Modern buildings are built to be waterproof – they incorporate impervious materials (hard dense bricks, cement based mortars and renders, modern masonry paints and external sealants), which rely on providing physical barriers to keep out driving rain and damp-proof courses to prevent rising dampness. Used correctly in the construction of new buildings, such materials and methods work well and will exclude the elements, as long as they are properly maintained.
Old buildings are usually built of stone, brick, timber or earth (cob), held together with earth or lime mortars and covered with lime render, lime plaster and limewash. These materials are permeable and allow moisture to penetrate the fabric, both externally (rain) and internally (moisture from condensation, steam and drying washing). Moisture then evaporates away when conditions are favourable – these walls and their materials are “breathable”.
Dampness in old buildings is controlled by this regular evaporation of moisture. Externally, porous materials are dried out by wind and sun. Internally, air movement through windows, roof coverings and open fireplaces promotes evaporation of moisture from the internal surfaces. Where moisture can evaporate freely the fabric remains relatively dry.
If impervious modern materials are used on an old building, the balance between water entering the fabric and evaporating from it will be disturbed. The breathing performance will be adversely affected and problems, including dampness and decay, will occur. Vulnerable materials, such as timber and soft bricks or stone, are particularly at risk. Modern “improvements” such as replacing earth, stone or timber floors with concrete and the installation of double glazing also add significantly to the problem.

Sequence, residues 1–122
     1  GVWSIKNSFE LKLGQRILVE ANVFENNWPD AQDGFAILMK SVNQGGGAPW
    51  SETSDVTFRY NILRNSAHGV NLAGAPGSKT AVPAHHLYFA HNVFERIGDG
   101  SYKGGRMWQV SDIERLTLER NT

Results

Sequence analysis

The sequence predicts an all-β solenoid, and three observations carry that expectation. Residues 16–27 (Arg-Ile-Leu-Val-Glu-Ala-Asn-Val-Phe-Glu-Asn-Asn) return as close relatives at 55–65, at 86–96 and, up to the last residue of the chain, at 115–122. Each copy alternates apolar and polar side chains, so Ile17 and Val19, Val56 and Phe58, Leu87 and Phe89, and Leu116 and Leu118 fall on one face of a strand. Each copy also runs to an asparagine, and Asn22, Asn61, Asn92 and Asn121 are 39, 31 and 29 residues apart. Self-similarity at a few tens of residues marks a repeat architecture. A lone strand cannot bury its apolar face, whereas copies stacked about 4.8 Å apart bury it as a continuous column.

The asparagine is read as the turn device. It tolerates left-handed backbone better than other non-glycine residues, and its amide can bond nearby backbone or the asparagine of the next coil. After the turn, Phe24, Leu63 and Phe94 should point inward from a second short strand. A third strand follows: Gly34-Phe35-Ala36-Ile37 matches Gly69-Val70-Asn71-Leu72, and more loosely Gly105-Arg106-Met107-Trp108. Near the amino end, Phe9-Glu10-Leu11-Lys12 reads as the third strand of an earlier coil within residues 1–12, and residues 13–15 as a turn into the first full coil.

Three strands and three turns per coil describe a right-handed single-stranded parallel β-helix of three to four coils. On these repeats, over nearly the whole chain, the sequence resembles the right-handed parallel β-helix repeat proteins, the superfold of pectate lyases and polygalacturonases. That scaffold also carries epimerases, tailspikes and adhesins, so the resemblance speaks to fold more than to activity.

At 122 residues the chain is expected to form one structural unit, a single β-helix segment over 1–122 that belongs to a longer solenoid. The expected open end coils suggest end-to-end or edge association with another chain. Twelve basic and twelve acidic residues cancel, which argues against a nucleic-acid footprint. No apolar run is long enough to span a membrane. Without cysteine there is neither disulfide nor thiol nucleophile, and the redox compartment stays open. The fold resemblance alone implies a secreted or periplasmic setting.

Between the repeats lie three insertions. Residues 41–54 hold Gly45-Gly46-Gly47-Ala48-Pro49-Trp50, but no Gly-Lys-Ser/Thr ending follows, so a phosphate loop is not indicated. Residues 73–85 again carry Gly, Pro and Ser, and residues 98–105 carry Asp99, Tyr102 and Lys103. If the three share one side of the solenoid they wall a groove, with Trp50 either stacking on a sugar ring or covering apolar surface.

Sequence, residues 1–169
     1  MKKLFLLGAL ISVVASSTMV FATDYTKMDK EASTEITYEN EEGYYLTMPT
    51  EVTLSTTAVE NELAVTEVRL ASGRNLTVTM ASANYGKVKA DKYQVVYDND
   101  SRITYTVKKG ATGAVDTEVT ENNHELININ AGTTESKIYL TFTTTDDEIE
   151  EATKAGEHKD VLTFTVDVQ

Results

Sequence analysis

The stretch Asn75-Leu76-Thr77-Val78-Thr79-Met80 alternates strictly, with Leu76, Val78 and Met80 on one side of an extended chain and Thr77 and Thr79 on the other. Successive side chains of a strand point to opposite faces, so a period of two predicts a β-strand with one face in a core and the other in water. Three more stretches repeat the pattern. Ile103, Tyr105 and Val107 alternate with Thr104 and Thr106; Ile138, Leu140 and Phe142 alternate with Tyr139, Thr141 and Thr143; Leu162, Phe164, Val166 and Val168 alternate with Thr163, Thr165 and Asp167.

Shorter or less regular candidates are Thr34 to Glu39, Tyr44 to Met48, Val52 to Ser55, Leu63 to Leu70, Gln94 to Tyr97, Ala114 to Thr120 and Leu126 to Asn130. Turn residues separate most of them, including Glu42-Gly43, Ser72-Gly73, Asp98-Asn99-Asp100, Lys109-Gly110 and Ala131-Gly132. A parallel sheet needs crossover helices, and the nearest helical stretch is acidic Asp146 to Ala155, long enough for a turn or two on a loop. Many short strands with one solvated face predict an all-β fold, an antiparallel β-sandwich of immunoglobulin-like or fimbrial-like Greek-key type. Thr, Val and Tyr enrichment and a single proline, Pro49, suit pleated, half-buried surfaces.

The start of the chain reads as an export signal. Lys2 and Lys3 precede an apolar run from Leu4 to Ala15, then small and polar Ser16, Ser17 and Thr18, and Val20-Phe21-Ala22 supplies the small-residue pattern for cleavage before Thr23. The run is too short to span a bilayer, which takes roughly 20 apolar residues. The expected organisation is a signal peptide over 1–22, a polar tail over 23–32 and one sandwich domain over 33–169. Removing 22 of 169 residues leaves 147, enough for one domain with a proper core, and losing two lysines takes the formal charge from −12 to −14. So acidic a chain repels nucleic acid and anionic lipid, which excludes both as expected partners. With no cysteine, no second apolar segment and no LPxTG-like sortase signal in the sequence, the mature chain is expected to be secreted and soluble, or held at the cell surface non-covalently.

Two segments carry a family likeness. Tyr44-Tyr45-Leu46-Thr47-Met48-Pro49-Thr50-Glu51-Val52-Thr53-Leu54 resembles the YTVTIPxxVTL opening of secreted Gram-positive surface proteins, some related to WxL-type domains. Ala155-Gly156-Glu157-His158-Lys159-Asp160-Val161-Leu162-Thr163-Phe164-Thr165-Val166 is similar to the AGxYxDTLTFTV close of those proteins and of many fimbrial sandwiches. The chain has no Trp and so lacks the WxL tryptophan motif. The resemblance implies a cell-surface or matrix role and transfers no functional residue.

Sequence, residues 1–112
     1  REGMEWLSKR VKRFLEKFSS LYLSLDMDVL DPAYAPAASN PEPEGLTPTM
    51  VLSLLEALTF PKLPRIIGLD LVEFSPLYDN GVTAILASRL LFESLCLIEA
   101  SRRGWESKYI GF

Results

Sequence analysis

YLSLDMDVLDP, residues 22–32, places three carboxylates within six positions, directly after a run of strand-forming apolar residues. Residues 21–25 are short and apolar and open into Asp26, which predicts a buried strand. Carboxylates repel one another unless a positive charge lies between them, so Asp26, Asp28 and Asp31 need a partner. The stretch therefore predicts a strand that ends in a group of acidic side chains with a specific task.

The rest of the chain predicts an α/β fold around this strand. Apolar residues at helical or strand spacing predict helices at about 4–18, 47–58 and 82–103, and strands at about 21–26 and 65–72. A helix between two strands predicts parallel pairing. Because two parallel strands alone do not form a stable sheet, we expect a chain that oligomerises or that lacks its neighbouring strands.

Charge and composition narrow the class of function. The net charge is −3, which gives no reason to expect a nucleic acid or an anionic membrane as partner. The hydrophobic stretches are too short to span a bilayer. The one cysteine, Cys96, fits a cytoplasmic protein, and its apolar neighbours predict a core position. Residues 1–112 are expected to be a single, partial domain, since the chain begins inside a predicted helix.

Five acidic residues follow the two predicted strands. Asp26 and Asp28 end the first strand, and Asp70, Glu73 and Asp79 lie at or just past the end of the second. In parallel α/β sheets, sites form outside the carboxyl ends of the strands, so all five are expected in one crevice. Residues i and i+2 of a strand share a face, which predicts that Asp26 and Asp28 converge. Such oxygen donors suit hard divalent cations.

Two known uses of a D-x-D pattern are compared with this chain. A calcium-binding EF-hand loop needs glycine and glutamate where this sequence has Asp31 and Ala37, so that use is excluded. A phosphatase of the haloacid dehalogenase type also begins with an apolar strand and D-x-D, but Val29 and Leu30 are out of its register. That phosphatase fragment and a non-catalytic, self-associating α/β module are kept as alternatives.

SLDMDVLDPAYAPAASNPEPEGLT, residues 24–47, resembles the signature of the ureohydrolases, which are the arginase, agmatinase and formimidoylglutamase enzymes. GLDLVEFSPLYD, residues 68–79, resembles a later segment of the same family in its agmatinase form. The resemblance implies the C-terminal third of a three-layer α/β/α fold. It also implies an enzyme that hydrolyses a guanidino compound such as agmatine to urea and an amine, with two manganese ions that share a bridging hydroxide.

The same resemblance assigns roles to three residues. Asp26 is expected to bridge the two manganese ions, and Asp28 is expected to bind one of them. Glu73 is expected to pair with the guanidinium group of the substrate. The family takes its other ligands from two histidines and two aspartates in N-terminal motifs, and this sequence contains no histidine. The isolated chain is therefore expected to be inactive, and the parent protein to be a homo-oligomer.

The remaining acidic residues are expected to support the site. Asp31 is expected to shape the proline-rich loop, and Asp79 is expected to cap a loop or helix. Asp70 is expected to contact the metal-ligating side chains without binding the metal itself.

To make matters worse, modern cement-based renders, mortars and plaster are hard and inflexible. If they are used over softer, more flexible traditional materials they will tend to crack. Even the finest hairline crack will allow water to enter and any moisture drawn in will become trapped behind the impermeable finishes. Where modern impermeable materials are causing problems of dampness and decay, they should be removed. However, this can itself cause considerable damage if it is not done with care. All work to old buildings should be carefully specified and carried out by skilled craftsmen in order to minimise risk.
Although the above advice may seem restrictive, there is an increasingly wide availability of traditional materials, including lime renders and plasters, breathable paints and natural insulation materials.
There are many excellent internet sources of further information on the correct use of traditional materials in old buildings. Here are just a few:
Many books are also available – we highly recommend:
“Old House Handbook - A Practical Guide to Care and Repair” by Roger Hunt and Marianne Suhr (In association with the Society for the Protection of Ancient Buildings)
Haynes “Period Property Manual – Care and Repair of Old Houses” by Ian Rock